heart attacks

  1. Nearly half of all heart attacks are ‘silent’

    Is your heart as healthy as you think it is?

    You've just finished a long day on the links and are finally sitting down to relax.

    You may feel tired -- but it's probably just because you haven't been sleeping well. And that twinge of pain? Oh, it's just a muscle strain and probably nothing to worry about... right?

    OR... you could be having a heart attack!

    The fact of the matter is, those chest-clutching, fall-to-the-floor heart attacks usually only happen on TV. In real life, a heart attack can be much harder to spot. In fact, most of the symptoms can be mistaken for something else.

    As I've shared with you before, heart attack victims are getting younger -- and now, it looks like heart attacks are getting quieter!

    In fact, a new study shows that nearly half of all heart attacks are considered "silent." This means that 45 percent of the time, the signs and symptoms aren't noticed at the time of the attack (or, they're dismissed).

    But just because you couldn't feel the heart attack doesn't mean it will leave behind any less damage. In fact, having a silent heart attack TRIPLES your risk of dying from heart disease. And although it may seem unrelated, your chances of dying from ANY OTHER ILLNESS go up by more than a third.

    And that's probably because you can't make any changes to prevent another heart attack from occurring if you don't even know the damage has been done... or if you wait to get help.

    The truth is that "silent" heart attacks aren't completely invisible. Their symptoms -- like sweating, muscle pain, fatigue, or indigestion -- aren't so much "missed" as they are "brushed off."

    Many times, the patient did feel something. Upon reflection, they might say it just felt like a pulled muscle in their chest.

    Fortunately, knowing is half the battle. Pay close attention to yourself and your loved ones -- and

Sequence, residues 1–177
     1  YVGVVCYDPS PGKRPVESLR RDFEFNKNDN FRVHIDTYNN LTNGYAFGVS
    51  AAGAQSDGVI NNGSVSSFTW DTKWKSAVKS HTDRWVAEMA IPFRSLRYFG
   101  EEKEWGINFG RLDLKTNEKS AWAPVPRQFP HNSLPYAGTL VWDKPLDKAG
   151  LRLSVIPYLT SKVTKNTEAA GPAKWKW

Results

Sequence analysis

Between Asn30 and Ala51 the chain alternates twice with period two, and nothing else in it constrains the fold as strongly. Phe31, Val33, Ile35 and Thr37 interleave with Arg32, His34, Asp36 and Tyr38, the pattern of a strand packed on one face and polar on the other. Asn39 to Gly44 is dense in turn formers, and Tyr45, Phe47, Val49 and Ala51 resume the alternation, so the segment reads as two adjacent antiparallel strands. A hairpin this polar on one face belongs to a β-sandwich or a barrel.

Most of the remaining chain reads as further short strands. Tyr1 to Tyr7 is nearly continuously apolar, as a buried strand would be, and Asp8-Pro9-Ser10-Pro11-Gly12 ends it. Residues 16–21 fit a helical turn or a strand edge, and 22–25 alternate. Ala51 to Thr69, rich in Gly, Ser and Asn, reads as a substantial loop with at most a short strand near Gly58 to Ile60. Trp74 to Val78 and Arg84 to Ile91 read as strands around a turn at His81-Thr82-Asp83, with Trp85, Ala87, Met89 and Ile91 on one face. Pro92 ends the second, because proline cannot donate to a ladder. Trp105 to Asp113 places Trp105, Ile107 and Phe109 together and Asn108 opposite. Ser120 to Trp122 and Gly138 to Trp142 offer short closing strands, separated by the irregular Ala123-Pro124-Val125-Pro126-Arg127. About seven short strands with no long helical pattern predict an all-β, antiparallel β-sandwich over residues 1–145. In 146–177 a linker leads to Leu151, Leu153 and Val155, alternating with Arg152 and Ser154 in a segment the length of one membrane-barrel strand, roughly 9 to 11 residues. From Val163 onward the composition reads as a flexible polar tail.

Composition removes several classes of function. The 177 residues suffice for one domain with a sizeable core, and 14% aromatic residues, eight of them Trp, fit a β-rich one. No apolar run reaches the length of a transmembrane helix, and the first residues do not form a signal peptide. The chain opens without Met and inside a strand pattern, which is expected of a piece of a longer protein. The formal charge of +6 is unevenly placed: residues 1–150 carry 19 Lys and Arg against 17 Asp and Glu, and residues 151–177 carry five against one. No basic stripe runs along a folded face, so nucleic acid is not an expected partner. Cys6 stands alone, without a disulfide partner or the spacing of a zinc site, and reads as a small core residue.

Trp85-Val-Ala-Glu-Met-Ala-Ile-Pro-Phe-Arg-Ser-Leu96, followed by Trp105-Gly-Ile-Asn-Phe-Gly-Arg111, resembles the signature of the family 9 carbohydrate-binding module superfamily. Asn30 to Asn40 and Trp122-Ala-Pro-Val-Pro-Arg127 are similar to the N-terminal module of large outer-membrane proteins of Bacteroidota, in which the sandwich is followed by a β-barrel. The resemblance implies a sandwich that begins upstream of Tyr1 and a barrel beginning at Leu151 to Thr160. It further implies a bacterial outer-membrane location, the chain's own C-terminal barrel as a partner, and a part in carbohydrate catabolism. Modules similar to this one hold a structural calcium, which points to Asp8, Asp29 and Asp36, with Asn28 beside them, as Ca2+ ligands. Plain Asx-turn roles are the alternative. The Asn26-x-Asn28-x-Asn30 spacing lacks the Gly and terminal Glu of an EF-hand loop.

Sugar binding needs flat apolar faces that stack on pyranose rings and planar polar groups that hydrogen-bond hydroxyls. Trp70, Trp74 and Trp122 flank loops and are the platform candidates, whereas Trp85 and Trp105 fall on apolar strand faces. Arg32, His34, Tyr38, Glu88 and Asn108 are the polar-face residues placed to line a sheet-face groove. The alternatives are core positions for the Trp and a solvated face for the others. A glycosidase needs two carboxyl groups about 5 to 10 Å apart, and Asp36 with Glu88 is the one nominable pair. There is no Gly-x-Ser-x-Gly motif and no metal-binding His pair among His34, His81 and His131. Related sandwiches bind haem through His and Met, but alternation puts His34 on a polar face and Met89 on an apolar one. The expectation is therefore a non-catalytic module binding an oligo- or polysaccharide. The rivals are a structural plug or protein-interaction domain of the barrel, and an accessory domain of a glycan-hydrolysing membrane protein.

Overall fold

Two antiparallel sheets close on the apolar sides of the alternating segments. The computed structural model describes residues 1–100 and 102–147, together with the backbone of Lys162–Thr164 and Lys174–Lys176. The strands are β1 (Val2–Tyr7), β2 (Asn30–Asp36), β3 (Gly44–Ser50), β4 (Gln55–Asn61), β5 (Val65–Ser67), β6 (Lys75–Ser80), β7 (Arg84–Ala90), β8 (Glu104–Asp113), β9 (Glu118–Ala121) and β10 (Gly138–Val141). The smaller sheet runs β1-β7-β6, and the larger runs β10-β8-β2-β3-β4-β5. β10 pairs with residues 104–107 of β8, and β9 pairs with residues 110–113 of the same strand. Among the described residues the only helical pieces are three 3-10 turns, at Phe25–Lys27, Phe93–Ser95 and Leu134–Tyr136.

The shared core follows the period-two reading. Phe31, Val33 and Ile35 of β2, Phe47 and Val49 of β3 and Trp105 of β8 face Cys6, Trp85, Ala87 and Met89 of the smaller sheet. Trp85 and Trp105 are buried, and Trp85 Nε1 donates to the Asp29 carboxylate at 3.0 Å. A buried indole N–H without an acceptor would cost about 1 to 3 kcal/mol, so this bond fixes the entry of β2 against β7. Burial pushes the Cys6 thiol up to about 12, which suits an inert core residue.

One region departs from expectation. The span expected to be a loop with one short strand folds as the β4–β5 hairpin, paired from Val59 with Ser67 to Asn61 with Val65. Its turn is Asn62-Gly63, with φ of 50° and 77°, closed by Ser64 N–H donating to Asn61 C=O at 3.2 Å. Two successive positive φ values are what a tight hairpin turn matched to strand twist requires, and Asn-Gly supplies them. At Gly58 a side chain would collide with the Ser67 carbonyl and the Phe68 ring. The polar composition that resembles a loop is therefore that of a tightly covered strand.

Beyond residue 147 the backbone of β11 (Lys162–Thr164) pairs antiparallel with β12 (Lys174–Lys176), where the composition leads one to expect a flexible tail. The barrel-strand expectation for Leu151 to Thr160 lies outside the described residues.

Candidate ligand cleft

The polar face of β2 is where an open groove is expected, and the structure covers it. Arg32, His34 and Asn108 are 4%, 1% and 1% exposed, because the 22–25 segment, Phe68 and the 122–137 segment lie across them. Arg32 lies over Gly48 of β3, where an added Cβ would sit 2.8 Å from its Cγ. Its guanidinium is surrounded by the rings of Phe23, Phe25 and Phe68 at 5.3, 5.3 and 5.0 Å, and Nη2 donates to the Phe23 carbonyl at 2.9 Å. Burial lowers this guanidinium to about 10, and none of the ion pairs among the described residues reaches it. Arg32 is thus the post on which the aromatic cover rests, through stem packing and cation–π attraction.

if any of these symptoms seem to appear without warning, get checked out immediately. A doctor can give you an EKG, which is really the only way to know for sure if you've recently suffered a heart attack.

    If you've got a clean record of heart health with no disease or heart attacks to speak of, that's good news -- but you're not off the hook. Be sure to do what you can to stop the attack before it happens. That may mean quitting smoking, changing your diet, shedding unwanted pounds, and staying active.

    And don't forget your supplements like fish oil and magnesium, which can do wonders for your heart health. And for men, a testosterone supplement could also help reduce risk.

  2. Snowy season brings heart attacks

    Don’t let snow shoveling turn into a deadly heart attack

    That blizzard of fluffy white snow may look picturesque.

    But when you have to step out in the cold to dig yourself out, it can be a heart attack waiting to happen.

    You see, just being in the cold air poses its own dangers to the heart. Cold air constricts the blood vessels throughout the body, causing your blood pressure to soar.

    The combination of cold temperature and the vigorous exercise of snow removal (which also raises blood pressure) are the perfect storm for a heart attack, especially if you’re already at risk and live a sedentary life.